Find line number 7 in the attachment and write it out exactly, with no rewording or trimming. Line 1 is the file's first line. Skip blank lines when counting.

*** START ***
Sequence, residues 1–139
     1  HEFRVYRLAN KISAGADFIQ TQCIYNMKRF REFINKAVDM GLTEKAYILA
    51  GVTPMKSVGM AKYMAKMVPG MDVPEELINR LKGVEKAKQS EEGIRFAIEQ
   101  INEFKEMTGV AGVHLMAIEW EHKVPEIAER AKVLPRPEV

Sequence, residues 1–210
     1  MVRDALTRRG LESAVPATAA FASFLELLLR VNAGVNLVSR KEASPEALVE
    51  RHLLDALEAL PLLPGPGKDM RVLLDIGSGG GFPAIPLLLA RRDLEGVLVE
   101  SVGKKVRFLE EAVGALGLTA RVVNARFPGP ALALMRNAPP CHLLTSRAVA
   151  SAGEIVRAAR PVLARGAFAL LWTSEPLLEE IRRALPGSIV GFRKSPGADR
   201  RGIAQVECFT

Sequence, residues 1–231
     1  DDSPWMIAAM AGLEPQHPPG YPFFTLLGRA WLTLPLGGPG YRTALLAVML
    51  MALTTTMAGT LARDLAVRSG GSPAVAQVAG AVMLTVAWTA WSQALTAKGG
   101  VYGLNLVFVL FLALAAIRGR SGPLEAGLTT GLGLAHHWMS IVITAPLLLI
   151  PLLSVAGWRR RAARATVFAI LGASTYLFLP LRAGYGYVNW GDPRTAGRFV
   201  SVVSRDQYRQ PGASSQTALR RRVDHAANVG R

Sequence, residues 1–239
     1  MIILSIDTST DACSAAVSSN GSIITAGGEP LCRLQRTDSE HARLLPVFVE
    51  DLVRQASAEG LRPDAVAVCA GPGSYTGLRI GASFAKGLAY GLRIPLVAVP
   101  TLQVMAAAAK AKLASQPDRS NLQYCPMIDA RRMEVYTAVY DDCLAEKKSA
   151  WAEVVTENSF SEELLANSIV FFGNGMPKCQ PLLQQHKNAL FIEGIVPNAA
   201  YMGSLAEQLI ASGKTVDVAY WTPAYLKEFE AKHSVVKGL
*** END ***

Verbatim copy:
    51  RHLLDALEAL PLLPGPGKDM RVLLDIGSGG GFPAIPLLLA RRDLEGVLVE